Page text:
Name one thing you have learned through working in PITCH that you didn’t know before

 

One thing that I have learned in PITCH is to always be innovative and be on the look-out for key opportunities to drive advocacy results. PITCH partners have demonstrated their relevance through proactive engagement in advocacy spaces, such as Global Fund grant making, PEPFAR COP process, HIV technical working groups and fora to influence resource allocation, targeting and development of national tools and guidelines. Partners have strategically positioned themselves within various boards, such as the Country Coordination Mechanism where Zimbabwe Young Positives have gained a seat. In the meantime, new advocacy player Zimbabwe Civil Liberties and Drug Network have managed to influence national agenda on drug policy reform and harm reduction, that have seen government reportedly working on drug masterplan.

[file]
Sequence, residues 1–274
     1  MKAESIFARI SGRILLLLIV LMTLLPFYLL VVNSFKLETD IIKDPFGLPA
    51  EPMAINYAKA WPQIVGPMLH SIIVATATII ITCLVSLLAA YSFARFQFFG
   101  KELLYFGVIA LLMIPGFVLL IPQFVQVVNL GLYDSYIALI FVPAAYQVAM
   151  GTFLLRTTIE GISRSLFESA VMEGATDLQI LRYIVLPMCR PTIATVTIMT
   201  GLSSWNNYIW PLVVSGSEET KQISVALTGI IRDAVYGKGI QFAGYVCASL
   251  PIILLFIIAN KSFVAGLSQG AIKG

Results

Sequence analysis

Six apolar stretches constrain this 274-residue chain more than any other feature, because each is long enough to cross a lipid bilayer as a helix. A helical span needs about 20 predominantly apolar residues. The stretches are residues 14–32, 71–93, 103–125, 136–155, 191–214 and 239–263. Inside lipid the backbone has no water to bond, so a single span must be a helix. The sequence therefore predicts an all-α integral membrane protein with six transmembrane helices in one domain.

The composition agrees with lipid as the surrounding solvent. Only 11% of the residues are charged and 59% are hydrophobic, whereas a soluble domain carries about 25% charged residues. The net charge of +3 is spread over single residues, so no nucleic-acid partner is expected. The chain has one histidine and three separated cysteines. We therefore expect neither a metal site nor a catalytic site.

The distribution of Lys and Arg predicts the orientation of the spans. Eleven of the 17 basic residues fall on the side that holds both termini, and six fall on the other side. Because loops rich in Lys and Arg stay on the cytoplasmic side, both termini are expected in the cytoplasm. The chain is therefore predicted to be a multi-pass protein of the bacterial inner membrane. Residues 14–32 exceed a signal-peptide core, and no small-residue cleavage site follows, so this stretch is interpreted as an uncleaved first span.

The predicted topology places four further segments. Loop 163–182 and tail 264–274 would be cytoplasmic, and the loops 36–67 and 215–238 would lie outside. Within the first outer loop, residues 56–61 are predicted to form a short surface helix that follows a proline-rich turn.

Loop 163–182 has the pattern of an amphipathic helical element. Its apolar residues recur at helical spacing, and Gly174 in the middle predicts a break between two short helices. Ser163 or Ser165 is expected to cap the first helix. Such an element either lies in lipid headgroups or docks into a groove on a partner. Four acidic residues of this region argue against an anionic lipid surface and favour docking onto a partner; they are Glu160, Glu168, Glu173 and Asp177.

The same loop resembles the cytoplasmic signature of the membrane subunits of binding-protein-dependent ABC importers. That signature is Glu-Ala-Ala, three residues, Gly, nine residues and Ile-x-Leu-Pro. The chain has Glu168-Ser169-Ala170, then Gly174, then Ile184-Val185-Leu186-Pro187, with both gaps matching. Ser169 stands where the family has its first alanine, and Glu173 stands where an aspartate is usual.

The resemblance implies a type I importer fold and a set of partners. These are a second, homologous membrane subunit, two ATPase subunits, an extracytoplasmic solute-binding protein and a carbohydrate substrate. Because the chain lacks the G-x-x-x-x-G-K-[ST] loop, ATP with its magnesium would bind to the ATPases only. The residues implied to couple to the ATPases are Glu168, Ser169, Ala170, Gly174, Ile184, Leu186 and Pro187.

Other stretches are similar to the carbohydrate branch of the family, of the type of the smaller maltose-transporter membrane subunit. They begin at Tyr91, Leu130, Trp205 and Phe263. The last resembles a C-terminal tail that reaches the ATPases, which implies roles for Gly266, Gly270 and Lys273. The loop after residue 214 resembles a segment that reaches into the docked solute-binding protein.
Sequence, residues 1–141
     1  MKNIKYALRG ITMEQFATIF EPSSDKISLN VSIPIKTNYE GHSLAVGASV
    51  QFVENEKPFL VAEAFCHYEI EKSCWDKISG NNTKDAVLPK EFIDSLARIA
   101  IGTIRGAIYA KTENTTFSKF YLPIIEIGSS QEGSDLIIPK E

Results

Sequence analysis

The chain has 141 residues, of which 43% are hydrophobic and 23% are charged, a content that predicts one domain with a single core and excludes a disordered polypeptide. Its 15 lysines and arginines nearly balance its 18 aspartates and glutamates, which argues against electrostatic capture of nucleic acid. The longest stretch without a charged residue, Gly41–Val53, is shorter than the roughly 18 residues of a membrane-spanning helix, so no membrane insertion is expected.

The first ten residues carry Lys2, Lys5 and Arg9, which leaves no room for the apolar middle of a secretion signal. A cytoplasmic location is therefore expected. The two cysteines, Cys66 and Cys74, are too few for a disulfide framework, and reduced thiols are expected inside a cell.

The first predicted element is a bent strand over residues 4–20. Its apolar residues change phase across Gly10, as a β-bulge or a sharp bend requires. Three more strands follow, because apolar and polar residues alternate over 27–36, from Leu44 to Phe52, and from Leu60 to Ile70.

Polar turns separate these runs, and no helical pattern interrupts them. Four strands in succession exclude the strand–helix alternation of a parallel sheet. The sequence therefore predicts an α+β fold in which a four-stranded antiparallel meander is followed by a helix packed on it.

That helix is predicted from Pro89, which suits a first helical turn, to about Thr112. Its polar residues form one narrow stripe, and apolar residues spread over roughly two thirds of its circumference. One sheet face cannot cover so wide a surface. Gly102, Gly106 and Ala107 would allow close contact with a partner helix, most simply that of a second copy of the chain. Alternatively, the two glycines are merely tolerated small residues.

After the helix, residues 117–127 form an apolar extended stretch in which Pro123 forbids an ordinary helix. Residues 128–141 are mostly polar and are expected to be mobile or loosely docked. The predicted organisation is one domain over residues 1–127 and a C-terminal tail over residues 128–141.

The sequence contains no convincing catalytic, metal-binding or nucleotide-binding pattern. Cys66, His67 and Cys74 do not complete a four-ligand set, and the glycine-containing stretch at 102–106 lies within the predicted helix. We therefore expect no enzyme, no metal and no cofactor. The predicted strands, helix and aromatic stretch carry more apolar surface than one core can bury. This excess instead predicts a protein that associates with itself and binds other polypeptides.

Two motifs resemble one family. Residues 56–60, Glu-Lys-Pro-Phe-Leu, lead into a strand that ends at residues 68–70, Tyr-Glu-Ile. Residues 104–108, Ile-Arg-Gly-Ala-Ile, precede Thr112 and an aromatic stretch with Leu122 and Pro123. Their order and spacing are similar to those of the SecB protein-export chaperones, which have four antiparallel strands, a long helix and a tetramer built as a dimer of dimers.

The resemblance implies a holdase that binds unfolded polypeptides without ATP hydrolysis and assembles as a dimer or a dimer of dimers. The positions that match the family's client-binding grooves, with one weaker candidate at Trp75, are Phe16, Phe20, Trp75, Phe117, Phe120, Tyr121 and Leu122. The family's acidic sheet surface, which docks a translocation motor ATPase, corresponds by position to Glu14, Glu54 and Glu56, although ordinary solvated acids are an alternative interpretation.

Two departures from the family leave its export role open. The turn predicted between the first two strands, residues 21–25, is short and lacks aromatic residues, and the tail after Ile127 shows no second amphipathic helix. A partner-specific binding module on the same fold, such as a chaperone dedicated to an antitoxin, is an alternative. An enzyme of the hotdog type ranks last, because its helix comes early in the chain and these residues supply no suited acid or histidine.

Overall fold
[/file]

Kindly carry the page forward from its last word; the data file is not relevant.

What is the most important change you hope to see in your country before the end of PITCH?

 

In Zimbabwe, KPs have been reeling under stigma and discrimination through punitive and discriminatory policies and laws, which prevents them from accessing HIV prevention services. Since the launch of PITCH, efforts have been made by partners to change the perception of the KPs through targeted advocacy to key decision makers in the national HIV response. As a result, guidelines and tools have been developed for and with KP participation in order to promote access to HIV services for the KPs.

It is my hope that before its end, the project will inspire the creation of an enabling environment characterised by increased tolerance and reduced stigma towards KPs in public health delivery systems which will enable them to access relevant health services.